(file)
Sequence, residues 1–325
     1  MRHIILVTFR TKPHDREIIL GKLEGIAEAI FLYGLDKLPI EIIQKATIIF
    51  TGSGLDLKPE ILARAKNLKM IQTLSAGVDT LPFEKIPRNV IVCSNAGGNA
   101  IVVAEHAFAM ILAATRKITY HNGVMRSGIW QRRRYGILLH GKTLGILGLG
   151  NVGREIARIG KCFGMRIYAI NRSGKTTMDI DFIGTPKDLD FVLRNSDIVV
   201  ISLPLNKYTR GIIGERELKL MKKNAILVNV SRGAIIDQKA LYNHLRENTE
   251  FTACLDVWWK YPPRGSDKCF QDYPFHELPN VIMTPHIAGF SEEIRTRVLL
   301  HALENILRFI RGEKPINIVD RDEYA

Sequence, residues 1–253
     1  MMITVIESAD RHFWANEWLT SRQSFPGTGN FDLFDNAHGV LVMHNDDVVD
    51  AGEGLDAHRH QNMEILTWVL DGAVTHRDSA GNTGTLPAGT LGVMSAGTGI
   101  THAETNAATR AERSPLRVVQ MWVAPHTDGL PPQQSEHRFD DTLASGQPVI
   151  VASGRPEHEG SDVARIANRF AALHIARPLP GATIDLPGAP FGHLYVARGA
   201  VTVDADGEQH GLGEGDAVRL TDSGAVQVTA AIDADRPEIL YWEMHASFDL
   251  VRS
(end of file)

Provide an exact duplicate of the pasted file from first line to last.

Sequence, residues 1–325
     1  MRHIILVTFR TKPHDREIIL GKLEGIAEAI FLYGLDKLPI EIIQKATIIF
    51  TGSGLDLKPE ILARAKNLKM IQTLSAGVDT LPFEKIPRNV IVCSNAGGNA
   101  IVVAEHAFAM ILAATRKITY HNGVMRSGIW QRRRYGILLH GKTLGILGLG
   151  NVGREIARIG KCFGMRIYAI NRSGKTTMDI DFIGTPKDLD FVLRNSDIVV
   201  ISLPLNKYTR GIIGERELKL MKKNAILVNV SRGAIIDQKA LYNHLRENTE
   251  FTACLDVWWK YPPRGSDKCF QDYPFHELPN VIMTPHIAGF SEEIRTRVLL
   301  HALENILRFI RGEKPINIVD RDEYA

Sequence, residues 1–253
     1  MMITVIESAD RHFWANEWLT SRQSFPGTGN FDLFDNAHGV LVMHNDDVVD
    51  AGEGLDAHRH QNMEILTWVL DGAVTHRDSA GNTGTLPAGT LGVMSAGTGI
   101  THAETNAATR AERSPLRVVQ MWVAPHTDGL PPQQSEHRFD DTLASGQPVI
   151  VASGRPEHEG SDVARIANRF AALHIARPLP GATIDLPGAP FGHLYVARGA
   201  VTVDADGEQH GLGEGDAVRL TDSGAVQVTA AIDADRPEIL YWEMHASFDL
   251  VRS